MERS is as deadly as Ebola


Middle East Respiratory Syndrome is a viral respiratory illness that is new to humans. It was first reported in Saudi Arabia in 2012 and has since spread to several other countries.

In fact, on Tuesday, it was reported that a ninth person had died from MERS and another 13 had contracted the virus, bringing the number of confirmed cases in South Korea to 108. Also, more than 2,800 people have remained quarantined, either at home or in health facilities; while more than 2,000 schools remain closed.

Worldwide, statistics, according to a January 2015 World Health Organisation report, reveals that there has been 956 laboratory-confirmed positive cases of MERS-CoV infection, which include at least 351 deaths, and all reported cases have been directly or indirectly linked through travel to or residence in nine countries: Saudi Arabia, the United Arab Emirates, Qatar, Jordan, Oman, Kuwait, Yemen, Lebanon, and Iran.

In the United States, two patients tested positive for MERS-CoV in May 2014, each of whom had a history of fever and one or more respiratory symptoms after recent travel from Saudi Arabia (Source: CDC).

At the moment, the full picture of the source of MERS virus is not yet clear. However, serological evidence shows that the virus originated from bats and was spread to camels in the mid 1990s. By 2010, the virus had spread from camels to humans. In fact, strains of MERS CoV that match human strains have been isolated from camels in Egypt, Qatar and Saudi Arabia.

It is possible that other reservoirs exist. However, other animals, including goats, cows, sheep, water buffalo, swine and wild birds have been tested for antibodies to MERS CoV; but so far, none has been found in these animals.

Once MERS is contacted, the virus appears to pass from an infected person to another person in close contact. This has been seen among family members, patients and health care workers.

Symptoms of a typical case of MERS in humans consist of fever, cough and shortness of breath. In some cases, patients have also been reported to have pneumonia and diarrhoea. The virus appears to cause more severe disease in people with weakened immune systems, older people, and those with such chronic diseases as diabetes, cancer and chronic lung disease. Approximately 27 per cent of patients with MERS have died.

At the moment, there is no vaccine or any specific treatment regimen. Treatment is supportive therapy based on the patient’s clinical presentation.

To prevent MERS, avoid unnecessary travels to areas where outbreaks are ongoing, and prevent direct contact with camels, camel excretions and raw camel products. Camel meat and camel milk are nutritious products that can continue to be consumed after pasteurisation, cooking or other heat treatments.

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Also, as a general precaution, anyone visiting farms, markets, barns or other places where animals are present should practice general hygiene measures, including regular hand washing before and after touching animals, and avoid contact with sick animals.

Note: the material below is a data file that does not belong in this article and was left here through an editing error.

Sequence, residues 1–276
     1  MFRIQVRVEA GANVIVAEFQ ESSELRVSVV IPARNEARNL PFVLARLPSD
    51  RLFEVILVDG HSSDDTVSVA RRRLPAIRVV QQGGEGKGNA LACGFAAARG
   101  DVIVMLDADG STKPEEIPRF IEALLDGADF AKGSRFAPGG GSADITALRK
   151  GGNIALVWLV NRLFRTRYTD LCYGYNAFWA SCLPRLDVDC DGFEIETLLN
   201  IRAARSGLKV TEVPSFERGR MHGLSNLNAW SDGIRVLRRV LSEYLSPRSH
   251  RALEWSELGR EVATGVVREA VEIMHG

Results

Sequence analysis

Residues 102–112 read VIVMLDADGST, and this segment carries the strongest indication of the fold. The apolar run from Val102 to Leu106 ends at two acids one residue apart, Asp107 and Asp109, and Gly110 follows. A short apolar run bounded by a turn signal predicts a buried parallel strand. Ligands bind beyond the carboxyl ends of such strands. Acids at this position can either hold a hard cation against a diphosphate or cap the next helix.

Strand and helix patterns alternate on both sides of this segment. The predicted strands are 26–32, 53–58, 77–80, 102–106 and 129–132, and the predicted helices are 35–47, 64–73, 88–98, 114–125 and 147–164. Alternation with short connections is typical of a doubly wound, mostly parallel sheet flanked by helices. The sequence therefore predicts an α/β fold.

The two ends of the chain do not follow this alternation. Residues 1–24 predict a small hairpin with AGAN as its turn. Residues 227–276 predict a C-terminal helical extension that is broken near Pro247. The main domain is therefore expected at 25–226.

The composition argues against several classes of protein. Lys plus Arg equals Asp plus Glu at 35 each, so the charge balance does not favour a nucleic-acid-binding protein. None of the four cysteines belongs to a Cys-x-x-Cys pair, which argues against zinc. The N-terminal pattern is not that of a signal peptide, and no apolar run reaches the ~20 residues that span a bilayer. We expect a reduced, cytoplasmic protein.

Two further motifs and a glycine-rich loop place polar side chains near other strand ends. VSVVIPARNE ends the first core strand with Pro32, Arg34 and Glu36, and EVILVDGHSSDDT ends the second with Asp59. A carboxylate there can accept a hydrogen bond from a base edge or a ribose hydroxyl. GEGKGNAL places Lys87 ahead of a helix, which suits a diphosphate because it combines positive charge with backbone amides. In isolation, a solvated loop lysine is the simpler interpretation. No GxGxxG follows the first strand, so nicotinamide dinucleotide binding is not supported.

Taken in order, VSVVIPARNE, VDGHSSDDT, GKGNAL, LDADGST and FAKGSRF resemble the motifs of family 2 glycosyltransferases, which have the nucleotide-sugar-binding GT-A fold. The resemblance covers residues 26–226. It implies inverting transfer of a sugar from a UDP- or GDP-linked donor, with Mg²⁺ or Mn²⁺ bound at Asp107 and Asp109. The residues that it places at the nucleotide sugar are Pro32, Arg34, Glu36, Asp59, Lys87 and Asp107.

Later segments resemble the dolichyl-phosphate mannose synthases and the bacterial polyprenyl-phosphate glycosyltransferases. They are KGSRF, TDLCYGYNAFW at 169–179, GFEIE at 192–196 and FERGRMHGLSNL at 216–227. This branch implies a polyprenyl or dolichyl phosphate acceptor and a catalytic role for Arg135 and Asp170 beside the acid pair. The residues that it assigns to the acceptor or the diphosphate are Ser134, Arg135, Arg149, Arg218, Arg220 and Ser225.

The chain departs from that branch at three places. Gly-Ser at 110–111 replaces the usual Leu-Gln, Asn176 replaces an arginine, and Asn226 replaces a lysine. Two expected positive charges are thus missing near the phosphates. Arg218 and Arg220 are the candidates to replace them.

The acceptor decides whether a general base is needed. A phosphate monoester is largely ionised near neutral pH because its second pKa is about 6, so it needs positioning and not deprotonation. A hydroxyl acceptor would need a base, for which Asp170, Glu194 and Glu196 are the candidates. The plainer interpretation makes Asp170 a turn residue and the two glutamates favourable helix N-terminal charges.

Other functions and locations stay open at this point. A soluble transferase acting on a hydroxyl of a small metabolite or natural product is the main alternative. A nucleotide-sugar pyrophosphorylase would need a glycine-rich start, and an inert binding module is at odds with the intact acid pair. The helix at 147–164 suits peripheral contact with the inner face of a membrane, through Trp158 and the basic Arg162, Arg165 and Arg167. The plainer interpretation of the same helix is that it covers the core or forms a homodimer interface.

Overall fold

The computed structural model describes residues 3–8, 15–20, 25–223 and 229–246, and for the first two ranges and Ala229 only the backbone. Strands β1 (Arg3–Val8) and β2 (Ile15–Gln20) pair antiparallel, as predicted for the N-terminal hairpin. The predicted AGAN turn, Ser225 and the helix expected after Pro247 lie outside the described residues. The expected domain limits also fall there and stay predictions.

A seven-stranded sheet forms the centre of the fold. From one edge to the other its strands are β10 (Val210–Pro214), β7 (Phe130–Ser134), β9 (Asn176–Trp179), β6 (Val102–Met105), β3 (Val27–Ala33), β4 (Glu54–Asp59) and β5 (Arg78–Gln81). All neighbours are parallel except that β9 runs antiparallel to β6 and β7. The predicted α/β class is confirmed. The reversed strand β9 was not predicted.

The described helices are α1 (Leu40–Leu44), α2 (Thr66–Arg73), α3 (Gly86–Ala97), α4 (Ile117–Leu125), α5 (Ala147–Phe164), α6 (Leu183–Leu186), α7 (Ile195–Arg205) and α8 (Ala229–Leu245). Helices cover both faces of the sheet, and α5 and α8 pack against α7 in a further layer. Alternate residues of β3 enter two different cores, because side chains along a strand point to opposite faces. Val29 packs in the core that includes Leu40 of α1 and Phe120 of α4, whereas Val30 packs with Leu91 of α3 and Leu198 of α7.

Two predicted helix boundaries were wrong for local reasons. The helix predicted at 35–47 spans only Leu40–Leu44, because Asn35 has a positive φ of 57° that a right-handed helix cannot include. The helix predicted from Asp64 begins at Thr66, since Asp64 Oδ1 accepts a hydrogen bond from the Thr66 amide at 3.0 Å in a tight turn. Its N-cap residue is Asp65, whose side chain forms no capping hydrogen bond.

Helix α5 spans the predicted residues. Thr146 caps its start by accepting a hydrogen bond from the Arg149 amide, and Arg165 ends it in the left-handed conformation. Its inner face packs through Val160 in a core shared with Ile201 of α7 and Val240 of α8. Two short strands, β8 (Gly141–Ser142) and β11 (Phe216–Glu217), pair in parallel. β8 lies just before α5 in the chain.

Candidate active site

The consumption of raw or undercooked animal products, including milk and meat, carries a high risk of infection from a variety of organisms that might cause disease in humans. Animal products that have been processed appropriately through cooking or pasteurisation are safe for consumption, but they should be handled with care to prevent cross contamination with uncooked foods.

The relevant authorities should ensure that thorough ante-mortem and post-mortem procedures are carried out on all animals slaughtered, especially camels. Camel farms and slaughterhouse workers should practise good personal hygiene, including frequent hand washing after touching animals.

Protective clothing should always be worn during visits to farms where animals are being raised, and it should be removed after work and washed daily. Workers should also avoid exposing family members to soiled work clothing, shoes or other items that may have come into contact with camels or camel excretions. Sick animals should never be slaughtered for consumption.

To protect yourself from MERS and other respiratory illnesses, please ensure that you:

1, Wash your hands often with soap and water for 20 seconds, and help young children do the same. If soap and water are not available, use an alcohol-based hand sanitiser.
2, Cover your nose and mouth with a tissue paper when you cough or sneeze; then throw the tissue in the trash can.
3, Avoid touching your eyes, nose, and mouth with unwashed hands.
4, Avoid close contacts such as kissing, sharing cups or eating utensils with sick people.
5, Wipe and disinfect frequently-touched surfaces such as toys, door knobs, furniture, commonly shared items, and the floor, at least once daily. Some viruses may survive for some time in the environment, but are easily destroyed by most detergents and other cleaning agents.

Have a beautiful weekend.

source: Olufemi Oboye

Also, The World Health Organization has said it is not recommending travel bans or sweeping airport screenings as part of the measures to prevent the spread of the MERS virus, which has now killed 11 people in South Korea.


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